We know that everyone makes mistakes that may have unintentional consequences. There may be a time when we come up against a veterinarian who is uncaring and incompetent and causes harm – injury or death – to our pet. When your beloved pet is involved in such a situation, it can be devastating. You can protect your pet from by following a few simple guidelines.
Protect your pet by researching a veterinarian’s qualifications before choosing one. Speak to other pet owners about how they feel about their vets.
Always ask for a copy of your pet’s record of each vet visit. Keep copies of any laboratory reports and x-rays. The written record of your pet’s visit should include reasons for the visit, diagnosis, recommendations, treatments and names and dosages of any medications prescribed and any other vital information.
Pay attention to your instincts. If you feel that something is not right with your pet and the vet cannot find anything wrong, seek a second opinion from a respected vet.
If your vet recommends a specialist or a surgeon, find out as much as you can about that person before making an appointment.
For general examinations, vaccinations and simple procedures, you should be allowed to be present. Pets are less stressed and usually more cooperative when their human is with them.
Your vet should never perform any procedure on your pet without your express consent. Get it in writing signed by you and the vet.
If your vet doesn’t offer explanations or answer questions that satisfy you, doesn’t share copies of your pet’s medical records, don’t hesitate to leave the office with your pet and find another vet.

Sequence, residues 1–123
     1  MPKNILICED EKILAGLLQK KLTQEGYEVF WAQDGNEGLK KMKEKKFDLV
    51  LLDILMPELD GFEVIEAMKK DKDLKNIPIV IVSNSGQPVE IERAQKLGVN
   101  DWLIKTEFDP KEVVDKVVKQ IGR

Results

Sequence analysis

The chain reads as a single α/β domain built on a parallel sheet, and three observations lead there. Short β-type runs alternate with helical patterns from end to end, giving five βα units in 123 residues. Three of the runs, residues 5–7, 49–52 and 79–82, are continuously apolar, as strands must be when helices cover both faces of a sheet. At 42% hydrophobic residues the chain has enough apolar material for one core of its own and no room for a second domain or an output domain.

If your pet comes to harm and/or dies and you suspect your vet, through negligence or incompetence caused it, save the remains. Take them to a veterinary college or another vet for necropsy (autopsy in humans) to determine why your pet died.
If your suspicions are confirmed, seek legal advice. Laws may vary from state to state and country to country, so it’s important for the legal adviser to be informed of the law in your area.
You know your pet best and you are the one who must advocate for him/her. You can check if there is an Animal Defense Group where you live and contact them for help.
Keep in mind that not all vets like all animals. I had an appointment once at a vet who was afraid of my small 25 lb. gentle pup and would not lift her to the table for an examination. He was adamant in his refusal to examine her unless I lifted her and held her close. Needless to say that ended the visit.
Recently I adopted an abused year old pup from a shelter. I felt pressured into taking her to a vet unknown to me that the shelter used. Cookie had a leaking problem that she developed probably caused by her abusive former owner, when he kicked her so hard, her hip was displaced and cracked and she required surgery after being rescued. She needed a special test and when it was completed, the vet never came out to speak to me. Instead he sent one of his assistants who couldn’t give me any articulate explanation of the procedure or the problem. Fortunately, my own vet repeated the test and explained everything to me. I did not take any legal action but I’ve since learned to trust my own judgement.